A response from the Center for Global Development has now kindly been sent.
On the principle of equal prominence, their response is reproduced here:
Alan Gelb said...
We agree with a number of points raised by David Moss. One is the importance of releasing field performance data; other programs should be held to this standard. We recognize that biometrics is not a panacea. Our previous working paper that reviewed some 160 cases noted several problematic examples, particularly in the area of elections. It is far too early to assess the UID program record in delivering more effective and inclusive services. Where we differ from Moss is that we see the data that it has released on inclusion and accuracy as a very significant benchmark for biometric systems in developing countries, and a major advance on the use of laboratory data. These appear to be the most extensive field data released so far.
The UID data are of interest for other countries; the hypothetical example of Ughana illustrates what such a system should be able to achieve for a “typical” country with about 30 million people. It is easy to scale the results for country size. We estimated that for a country as large as India there would be somewhat over 3 million false positives during enrolment, a large number for manual follow-up but probably doable. For a small country like Haiti the number would only be around 300.
On multiple identities, no system will be able to guarantee 100 percent accuracy. Certainly not the systems in place in the rich countries where identity theft is hardly unknown! The question is not “whether it works or not” but the precision of one system versus another and relative cost-effectiveness. For some applications, such as access to a health insurance program, one might accept a modest level of duplicate or false identities. For others, such as access to a nuclear facility, we want to minimize them – just as we would want very high standards for aeroplane safety, to take the example cited by Moss. These might involve different biometrics and also passwords or other identifiers; the most demanding applications can apply whatever other additional checks they choose outside the scope of national identification. For a national ID system the reported rate of 0.035 percent for UID seems low enough to discourage most deliberate efforts to acquire multiple identities.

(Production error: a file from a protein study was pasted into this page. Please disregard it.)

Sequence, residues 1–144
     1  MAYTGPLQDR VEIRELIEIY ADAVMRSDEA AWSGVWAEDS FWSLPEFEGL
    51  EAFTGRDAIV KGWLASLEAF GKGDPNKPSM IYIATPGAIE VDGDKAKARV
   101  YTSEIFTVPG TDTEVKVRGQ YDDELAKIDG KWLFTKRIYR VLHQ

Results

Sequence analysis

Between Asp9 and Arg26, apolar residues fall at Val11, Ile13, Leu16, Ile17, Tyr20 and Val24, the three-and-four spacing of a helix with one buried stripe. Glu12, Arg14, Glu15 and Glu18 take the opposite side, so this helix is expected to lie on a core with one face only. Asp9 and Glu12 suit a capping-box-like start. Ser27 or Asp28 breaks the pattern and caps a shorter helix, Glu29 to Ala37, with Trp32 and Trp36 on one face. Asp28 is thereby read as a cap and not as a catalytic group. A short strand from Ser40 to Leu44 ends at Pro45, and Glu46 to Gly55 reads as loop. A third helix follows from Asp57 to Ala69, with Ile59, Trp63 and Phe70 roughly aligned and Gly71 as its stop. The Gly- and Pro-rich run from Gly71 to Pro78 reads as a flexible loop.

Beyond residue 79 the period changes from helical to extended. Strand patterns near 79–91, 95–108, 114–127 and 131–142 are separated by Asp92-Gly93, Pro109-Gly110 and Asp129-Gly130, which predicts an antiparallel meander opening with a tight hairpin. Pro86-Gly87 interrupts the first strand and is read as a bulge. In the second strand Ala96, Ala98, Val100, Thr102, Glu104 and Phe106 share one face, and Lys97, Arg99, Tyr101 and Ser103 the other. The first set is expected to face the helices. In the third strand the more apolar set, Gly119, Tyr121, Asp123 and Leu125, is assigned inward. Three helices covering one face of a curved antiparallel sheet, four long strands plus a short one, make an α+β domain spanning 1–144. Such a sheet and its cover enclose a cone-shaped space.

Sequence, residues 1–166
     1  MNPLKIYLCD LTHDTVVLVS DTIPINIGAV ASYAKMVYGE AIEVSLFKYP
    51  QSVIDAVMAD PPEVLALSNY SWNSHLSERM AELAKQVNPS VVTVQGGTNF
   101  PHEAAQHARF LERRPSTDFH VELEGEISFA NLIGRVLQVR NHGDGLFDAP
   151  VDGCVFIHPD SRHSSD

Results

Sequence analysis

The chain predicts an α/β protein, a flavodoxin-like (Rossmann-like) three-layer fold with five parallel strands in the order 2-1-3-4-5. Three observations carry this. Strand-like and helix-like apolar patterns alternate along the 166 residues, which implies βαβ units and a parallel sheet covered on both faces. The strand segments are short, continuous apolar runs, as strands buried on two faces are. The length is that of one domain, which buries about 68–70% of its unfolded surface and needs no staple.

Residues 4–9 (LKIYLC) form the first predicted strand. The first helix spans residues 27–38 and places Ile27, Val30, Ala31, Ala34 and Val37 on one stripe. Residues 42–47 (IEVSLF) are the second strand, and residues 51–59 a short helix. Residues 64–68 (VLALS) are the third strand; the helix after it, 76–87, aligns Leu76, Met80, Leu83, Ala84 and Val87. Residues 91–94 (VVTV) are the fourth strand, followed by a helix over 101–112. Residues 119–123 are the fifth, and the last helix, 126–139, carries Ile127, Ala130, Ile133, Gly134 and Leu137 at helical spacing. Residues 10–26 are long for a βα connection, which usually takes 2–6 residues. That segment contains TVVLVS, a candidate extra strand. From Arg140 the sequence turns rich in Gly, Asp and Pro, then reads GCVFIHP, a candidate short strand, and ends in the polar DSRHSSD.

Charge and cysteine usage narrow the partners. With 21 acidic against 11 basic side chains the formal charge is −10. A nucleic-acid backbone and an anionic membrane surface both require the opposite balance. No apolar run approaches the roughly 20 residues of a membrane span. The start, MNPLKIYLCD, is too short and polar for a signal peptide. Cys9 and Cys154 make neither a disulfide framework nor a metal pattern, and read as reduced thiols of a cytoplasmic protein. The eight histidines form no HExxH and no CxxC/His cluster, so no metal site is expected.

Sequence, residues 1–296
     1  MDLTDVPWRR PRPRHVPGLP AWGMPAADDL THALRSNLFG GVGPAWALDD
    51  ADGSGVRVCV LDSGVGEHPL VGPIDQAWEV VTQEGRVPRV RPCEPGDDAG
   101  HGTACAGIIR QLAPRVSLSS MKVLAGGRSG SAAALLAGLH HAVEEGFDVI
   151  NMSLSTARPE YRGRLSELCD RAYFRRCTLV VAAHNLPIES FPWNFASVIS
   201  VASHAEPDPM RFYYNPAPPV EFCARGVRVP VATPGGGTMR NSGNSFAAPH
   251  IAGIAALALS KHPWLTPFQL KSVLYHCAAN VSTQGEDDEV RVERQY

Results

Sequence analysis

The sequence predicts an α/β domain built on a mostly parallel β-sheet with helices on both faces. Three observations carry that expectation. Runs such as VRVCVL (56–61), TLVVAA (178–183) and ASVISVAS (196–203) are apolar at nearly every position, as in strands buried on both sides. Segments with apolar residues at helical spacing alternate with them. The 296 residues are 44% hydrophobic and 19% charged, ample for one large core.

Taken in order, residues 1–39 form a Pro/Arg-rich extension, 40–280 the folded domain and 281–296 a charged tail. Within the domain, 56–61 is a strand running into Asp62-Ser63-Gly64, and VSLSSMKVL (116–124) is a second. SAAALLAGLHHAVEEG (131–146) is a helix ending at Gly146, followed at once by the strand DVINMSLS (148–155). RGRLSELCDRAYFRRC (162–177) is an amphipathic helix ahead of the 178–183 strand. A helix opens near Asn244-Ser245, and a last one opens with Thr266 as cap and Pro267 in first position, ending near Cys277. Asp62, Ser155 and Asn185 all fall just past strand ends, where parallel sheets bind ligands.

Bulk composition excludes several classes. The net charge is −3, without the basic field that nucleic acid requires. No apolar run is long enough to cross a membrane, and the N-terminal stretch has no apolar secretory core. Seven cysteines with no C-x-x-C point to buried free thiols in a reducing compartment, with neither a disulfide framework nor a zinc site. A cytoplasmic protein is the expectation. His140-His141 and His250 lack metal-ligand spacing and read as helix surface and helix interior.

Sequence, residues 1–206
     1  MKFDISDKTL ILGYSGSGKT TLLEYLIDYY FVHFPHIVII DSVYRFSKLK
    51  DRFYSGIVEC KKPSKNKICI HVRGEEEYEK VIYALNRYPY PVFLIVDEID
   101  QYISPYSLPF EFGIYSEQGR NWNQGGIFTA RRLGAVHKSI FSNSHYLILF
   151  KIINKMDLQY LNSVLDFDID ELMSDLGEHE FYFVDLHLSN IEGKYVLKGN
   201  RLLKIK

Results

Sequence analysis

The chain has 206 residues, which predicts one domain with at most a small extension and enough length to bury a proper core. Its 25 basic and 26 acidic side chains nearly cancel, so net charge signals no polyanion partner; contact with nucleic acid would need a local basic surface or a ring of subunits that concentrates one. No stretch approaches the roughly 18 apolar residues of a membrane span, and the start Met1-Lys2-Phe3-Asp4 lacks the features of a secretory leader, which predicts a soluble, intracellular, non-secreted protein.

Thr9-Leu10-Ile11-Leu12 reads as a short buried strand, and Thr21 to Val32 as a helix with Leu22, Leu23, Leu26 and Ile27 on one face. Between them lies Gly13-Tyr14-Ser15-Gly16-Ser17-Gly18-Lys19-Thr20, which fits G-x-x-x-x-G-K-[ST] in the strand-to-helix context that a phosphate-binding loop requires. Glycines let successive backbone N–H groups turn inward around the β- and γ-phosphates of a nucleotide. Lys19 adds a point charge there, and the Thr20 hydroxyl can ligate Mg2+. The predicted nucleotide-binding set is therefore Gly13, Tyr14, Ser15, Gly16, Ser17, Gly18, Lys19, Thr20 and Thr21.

Any identification system will have to cope with people who are unable to enroll using biometrics and with identification and authentication errors. The UID data offer useful pointers to likely numbers.
UID does not, therefore, provide answers to every question -- it is far too early for that and we do not claim that it does. It remains to be seen how the program is or is not picked up by various applications and how it negotiates the political winds that arise with any system of identification. But we hold to our conclusion that the data released provides a very significant benchmark on the capabilities of biometric systems in developing country conditions and one that should be studied carefully by other countries.
To correct the record, we do not assert that the number of bilateral comparisons is the square of the population, n. It is 0.5*n*(n-1) which rises (as we note) with the square of n. As n becomes large, it approaches 0.5*n*n; since no identification system will cover 100% of population, we rounded n off to 1 billion for India. If we accept the field estimate of 0.057% false positive rate against a data base of 84 million, the rate for a 1:1 comparison would have to be very small, in the range of 7 in one trillion. The implied precision can only be possible with the combined use of multiple biometrics, which is another of the lessons from the UID exercise.
Center for Global Development
21 May 2013 22:17
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